The University of Toronto Mississauga Students’ Union announced on August 27 that in-person Frosh week, COSMOS’20, which had been scheduled to take place from September 6 to September 11, was cancelled. This announcement was regarded as a disappointment by first-year students planning on attending the program.

The cancellation statement released by the UTMSU stated that “The University of Toronto has prohibited the UTMSU from using campus facilities to hold in-person orientation programming.” 

Having Frosh week online has been difficult for incoming students to interact with their peers as the online platform has put a pause on the social aspect of the events since students are limited in their interaction with others. 

However, the UTMSU has expressed that they will “continue to explore ways to engage students in the coming weeks.” Unfortunately, due to the COVID-19 pandemic, students who planned on attending the hybrid program will not have other continued online Frosh events after September 5, and “reimbursements will be administered to those who purchased hybrid tickets” with an email being sent out later explaining the process. 

The Medium talked to the president of the UTMSU, Mitra Yakubi, about the outcomes and the challenges of cancelling in-person orientation. 

“Considering that no concerns about our programming were raised by the university throughout our discussions since March, we were extremely disheartened when told we were prohibited from using the university’s facilities,” stated Yakubi. “Regardless, we planned for a hybrid orientation with both online and in-person programming and made necessary precautions to ensure our programming and the UTMSU space was safe and accessible for everyone.”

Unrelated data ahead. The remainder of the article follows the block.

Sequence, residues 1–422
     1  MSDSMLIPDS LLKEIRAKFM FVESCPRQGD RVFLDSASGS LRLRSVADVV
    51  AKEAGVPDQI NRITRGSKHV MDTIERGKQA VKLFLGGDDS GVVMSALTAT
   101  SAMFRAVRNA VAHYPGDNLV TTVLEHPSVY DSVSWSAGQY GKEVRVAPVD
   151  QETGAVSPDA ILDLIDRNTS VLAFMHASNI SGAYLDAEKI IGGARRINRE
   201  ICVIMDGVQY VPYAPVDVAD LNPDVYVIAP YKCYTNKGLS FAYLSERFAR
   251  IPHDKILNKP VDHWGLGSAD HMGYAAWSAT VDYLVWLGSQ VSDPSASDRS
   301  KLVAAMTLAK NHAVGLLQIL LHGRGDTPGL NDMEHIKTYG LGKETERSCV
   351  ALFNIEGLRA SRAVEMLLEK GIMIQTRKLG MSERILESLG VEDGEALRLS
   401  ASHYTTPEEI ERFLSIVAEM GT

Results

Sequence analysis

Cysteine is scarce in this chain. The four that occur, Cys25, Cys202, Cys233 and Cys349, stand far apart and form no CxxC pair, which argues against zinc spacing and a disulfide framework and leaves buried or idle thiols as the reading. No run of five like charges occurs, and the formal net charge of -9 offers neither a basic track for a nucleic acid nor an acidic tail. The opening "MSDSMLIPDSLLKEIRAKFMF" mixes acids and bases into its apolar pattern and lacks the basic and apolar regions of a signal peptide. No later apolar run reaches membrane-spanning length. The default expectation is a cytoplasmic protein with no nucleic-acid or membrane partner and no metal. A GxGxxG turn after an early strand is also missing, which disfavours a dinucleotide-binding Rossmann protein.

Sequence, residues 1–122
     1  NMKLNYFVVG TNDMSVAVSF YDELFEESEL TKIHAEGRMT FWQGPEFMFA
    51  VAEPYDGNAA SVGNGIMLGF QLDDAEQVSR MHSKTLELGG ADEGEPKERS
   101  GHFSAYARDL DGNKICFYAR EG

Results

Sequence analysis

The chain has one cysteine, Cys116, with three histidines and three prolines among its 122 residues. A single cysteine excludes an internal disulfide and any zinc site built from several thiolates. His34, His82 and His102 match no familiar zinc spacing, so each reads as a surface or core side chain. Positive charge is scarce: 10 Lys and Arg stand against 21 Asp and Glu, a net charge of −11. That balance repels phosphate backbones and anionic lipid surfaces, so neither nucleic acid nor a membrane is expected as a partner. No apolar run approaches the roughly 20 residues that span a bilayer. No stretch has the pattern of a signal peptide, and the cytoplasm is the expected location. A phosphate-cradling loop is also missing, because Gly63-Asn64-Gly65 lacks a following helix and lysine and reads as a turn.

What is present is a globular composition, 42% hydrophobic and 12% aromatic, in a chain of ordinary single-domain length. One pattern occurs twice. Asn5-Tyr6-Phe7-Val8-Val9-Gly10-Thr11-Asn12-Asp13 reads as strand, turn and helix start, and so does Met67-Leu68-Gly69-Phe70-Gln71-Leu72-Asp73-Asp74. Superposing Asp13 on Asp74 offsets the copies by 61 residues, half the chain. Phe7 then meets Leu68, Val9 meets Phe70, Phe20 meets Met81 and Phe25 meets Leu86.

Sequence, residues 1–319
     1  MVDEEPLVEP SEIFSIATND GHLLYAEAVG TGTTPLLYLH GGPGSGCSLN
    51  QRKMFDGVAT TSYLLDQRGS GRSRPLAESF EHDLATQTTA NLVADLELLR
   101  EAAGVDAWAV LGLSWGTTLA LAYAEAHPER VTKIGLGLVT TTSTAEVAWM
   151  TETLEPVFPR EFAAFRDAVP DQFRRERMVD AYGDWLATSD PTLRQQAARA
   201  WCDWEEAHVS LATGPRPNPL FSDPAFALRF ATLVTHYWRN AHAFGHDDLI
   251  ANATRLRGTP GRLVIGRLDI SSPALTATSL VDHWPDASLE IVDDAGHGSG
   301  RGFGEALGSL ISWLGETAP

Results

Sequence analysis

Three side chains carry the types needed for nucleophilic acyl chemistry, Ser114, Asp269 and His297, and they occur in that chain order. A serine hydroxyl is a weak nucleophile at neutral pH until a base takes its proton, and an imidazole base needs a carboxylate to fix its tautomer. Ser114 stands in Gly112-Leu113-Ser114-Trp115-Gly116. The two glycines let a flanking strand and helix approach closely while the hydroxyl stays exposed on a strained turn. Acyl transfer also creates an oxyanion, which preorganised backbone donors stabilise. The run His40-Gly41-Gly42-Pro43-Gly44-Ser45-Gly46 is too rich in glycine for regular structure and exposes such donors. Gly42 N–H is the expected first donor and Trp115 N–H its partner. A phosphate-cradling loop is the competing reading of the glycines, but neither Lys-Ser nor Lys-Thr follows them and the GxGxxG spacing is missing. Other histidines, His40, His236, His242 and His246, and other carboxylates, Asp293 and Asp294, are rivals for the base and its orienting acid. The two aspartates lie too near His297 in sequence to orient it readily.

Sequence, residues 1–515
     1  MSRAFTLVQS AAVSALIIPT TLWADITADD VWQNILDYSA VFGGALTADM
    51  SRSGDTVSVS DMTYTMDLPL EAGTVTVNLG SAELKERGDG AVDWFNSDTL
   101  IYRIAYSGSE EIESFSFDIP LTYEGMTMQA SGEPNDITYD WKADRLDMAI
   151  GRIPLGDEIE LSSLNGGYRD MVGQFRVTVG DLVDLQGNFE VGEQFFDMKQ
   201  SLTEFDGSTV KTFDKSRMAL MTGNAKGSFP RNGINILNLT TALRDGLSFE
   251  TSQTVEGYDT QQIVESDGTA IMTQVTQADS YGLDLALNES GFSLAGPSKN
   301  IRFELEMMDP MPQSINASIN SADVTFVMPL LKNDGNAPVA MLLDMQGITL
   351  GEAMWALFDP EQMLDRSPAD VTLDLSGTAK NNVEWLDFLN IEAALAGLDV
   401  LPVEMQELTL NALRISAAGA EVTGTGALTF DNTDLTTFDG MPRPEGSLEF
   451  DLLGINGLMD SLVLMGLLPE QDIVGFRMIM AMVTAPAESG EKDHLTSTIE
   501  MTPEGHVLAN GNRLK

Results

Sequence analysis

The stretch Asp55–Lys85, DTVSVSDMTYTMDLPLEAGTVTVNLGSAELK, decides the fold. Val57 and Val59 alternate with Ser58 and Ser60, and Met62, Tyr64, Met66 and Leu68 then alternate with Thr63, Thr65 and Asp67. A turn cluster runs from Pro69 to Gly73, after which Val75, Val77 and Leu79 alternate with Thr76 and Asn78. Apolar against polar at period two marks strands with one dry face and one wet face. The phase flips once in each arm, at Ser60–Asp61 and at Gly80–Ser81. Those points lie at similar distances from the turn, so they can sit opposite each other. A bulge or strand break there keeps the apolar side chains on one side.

There are benefits to introducing events through different platforms and taking a new approach without risking people’s health. Having an online platform has been challenging yet eye-opening. Interactions through social media will play a more significant role in this year’s communication systems and students’ social interactions. 

 “We are investigating opportunities for in-person programming for the second semester; however, nothing is set in stone yet,” Yakubi continued. “Since March, the UTMSU worked diligently to adapt its programming to COVID-19 safety protocols. We worked closely with various U of T departments and representatives to assess and discuss our planned events, precautions, and procedures to ensure safety amongst participants.”

Moreover, the university administration hadn’t raised any concerns regarding the union’s planning of Frosh events during their discussions following the campus’ closure in March.

“The UTMSU’s Health and Safety Committee [had] assessed the risks associated with in-person programming and created a plan to ensure proper physical distancing, smaller orientation groups, as well as enhanced sanitization and safety protocols,” said Yakubi.

Regardless of Frosh’s in-person events being cancelled, students are finding new ways to engage with the university experience through social media and other online platforms. The UTMSU has acknowledged students’ concerns and “will continue to offer a variety of cost-saving services, events, and campaigns in accordance with health and safety protocols.”

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